Astrophys. J., 747, 95 (2012/March-2)
Strong molecular hydrogen emission and kinematics of the multiphase gas in radio galaxies with fast jet-driven outflows.
GUILLARD P., OGLE P.M., EMONTS B.H.C., APPLETON P.N., MORGANTI R., TADHUNTER C., OOSTERLOO T., EVANS D.A. and EVANS A.S.
Abstract (from CDS):
Observations of ionized and neutral gas outflows in radio galaxies (RGs) suggest that active galactic nucleus (AGN) radio jet feedback has a galaxy-scale impact on the host interstellar medium, but it is still unclear how the molecular gas is affected. Thus, it is crucial to determine the physical conditions of the molecular gas in powerful RGs to understand how radio sources may regulate the star formation in their host galaxies. We present deep Spitzer Infrared Spectrograph (IRS) high-resolution spectroscopy of eight nearby RGs that show fast H I outflows. Strikingly, all of these H I-outflow RGs have bright H2mid-IR lines that cannot be accounted for by UV or X-ray heating. This strongly suggests that the radio jet, which drives the H I outflow, is also responsible for the shock excitation of the warm H2gas. In addition, the warm H2 gas does not share the kinematics of the ionized/neutral gas. The mid-IR-ionized gas lines (with FWHM up to 1250km/s for [Ne II] 12.8 µm) are systematically broader than the H2lines, which are resolved by the IRS in ~60% of the detected lines (with FWHM up to 900km/s). In five sources, 3C 236, 3C 293, 3C 459, 4C 12.50, and PKS 1549-79, the [Ne II] 12.8 µm line, and to a lesser extent the [Ne III] 15.5 µm and [Ne V] 14.3 µm lines, clearly exhibits blueshifted wings (up to -900km/s with respect to the systemic velocity) that match well the kinematics of the outflowing H I or ionized gas. The H2 lines do not show these broad wings, except tentative detections in 4C 12.50, 3C 459, and PKS 1549-79. This shows that, contrary to the H I gas, the H2 gas is inefficiently coupled to the AGN jet-driven outflow of ionized gas. While the dissipation of a small fraction (<10%) of the jet kinetic power can explain the turbulent heating of the molecular gas, our data show that the bulk of the warm molecular gas is not expelled from these galaxies.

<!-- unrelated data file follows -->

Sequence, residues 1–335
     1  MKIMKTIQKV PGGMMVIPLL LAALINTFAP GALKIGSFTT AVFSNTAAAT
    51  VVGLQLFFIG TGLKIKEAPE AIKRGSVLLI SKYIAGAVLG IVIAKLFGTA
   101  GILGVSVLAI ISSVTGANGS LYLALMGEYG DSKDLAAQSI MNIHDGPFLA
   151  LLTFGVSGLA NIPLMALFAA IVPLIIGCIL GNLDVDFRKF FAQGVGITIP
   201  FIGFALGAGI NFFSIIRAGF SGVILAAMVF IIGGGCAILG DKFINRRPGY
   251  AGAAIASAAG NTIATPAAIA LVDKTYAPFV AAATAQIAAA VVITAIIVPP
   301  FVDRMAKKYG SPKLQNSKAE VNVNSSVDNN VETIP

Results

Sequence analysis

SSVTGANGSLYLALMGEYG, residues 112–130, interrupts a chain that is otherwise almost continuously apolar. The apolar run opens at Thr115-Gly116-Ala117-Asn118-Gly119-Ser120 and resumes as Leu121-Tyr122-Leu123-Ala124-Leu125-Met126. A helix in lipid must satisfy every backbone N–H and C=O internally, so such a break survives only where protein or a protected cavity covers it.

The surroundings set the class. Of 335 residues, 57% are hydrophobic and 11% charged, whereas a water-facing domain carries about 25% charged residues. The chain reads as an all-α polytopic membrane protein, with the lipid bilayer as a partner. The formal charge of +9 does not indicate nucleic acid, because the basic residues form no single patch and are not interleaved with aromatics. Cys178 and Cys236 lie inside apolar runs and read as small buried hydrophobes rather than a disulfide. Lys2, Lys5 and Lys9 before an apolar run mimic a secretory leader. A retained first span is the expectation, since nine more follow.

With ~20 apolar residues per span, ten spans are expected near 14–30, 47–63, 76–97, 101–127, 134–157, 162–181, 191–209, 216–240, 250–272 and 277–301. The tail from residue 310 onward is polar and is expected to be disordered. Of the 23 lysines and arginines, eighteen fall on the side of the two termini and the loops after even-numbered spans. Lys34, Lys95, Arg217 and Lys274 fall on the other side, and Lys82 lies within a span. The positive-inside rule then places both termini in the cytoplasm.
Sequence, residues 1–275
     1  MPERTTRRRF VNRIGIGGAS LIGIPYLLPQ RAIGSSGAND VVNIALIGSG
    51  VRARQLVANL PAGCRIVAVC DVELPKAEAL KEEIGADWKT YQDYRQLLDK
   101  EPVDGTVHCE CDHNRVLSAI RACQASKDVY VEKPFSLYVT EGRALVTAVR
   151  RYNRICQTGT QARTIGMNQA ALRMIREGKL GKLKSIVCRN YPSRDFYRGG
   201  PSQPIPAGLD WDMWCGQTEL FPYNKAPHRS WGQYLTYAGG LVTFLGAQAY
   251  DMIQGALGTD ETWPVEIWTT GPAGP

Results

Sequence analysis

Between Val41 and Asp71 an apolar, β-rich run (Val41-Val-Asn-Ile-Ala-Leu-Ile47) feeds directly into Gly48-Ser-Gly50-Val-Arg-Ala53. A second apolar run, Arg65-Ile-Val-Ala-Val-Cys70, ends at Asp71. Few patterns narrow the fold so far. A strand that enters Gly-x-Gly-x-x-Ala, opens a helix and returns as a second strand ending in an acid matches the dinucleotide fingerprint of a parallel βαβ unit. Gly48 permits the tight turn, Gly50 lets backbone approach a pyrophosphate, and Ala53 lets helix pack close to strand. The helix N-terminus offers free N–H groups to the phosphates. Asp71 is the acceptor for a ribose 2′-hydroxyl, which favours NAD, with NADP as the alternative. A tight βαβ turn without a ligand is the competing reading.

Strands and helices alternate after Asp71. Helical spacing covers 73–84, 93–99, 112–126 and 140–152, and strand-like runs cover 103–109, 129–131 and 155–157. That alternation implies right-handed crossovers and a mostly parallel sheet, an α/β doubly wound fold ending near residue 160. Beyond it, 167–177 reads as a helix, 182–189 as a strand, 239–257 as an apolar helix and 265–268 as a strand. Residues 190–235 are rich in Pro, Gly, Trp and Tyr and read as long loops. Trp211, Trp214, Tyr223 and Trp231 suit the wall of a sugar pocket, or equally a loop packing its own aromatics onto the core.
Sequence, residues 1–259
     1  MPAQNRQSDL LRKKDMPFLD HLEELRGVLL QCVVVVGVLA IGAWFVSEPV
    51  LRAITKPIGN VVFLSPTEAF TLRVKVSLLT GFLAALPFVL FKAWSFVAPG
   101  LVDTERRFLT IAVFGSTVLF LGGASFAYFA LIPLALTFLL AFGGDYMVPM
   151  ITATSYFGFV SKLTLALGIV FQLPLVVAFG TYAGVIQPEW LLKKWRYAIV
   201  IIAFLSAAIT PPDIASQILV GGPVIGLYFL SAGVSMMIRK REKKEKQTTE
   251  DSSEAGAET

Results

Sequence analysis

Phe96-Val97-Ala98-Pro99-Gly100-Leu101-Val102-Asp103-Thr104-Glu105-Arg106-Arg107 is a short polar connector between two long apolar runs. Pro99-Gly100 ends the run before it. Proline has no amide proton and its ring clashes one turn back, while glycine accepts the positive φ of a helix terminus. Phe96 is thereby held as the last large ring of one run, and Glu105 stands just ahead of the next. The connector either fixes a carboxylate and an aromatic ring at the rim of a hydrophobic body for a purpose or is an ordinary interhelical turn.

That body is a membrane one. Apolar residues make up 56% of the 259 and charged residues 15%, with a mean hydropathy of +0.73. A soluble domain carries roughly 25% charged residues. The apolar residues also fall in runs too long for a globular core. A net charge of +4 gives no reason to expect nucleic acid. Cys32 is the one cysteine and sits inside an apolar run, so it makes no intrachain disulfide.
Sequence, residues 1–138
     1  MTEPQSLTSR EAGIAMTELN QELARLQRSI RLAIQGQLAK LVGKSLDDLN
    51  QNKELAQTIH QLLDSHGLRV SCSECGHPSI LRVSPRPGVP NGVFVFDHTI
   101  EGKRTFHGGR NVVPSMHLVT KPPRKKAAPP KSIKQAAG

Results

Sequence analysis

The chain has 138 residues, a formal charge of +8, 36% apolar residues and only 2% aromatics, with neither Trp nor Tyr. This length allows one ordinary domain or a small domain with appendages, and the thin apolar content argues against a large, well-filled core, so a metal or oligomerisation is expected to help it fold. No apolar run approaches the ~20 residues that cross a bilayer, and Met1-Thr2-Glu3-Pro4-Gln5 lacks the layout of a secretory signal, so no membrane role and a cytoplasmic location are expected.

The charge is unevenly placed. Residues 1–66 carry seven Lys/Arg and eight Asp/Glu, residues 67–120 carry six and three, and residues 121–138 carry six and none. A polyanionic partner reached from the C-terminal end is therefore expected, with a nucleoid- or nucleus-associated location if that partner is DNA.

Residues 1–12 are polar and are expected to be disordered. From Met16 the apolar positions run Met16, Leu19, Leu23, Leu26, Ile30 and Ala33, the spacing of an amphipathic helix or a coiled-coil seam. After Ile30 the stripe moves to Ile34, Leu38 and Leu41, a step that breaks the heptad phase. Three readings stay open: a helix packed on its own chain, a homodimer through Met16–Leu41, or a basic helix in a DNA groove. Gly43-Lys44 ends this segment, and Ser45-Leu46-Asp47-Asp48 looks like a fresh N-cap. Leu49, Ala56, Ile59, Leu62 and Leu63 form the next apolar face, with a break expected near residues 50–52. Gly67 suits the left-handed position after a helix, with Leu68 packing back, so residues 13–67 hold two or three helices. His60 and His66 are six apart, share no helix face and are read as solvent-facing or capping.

galaxies: evolution - galaxies: ISM - galaxies: jets - galaxies: kinematics and dynamics - shock waves
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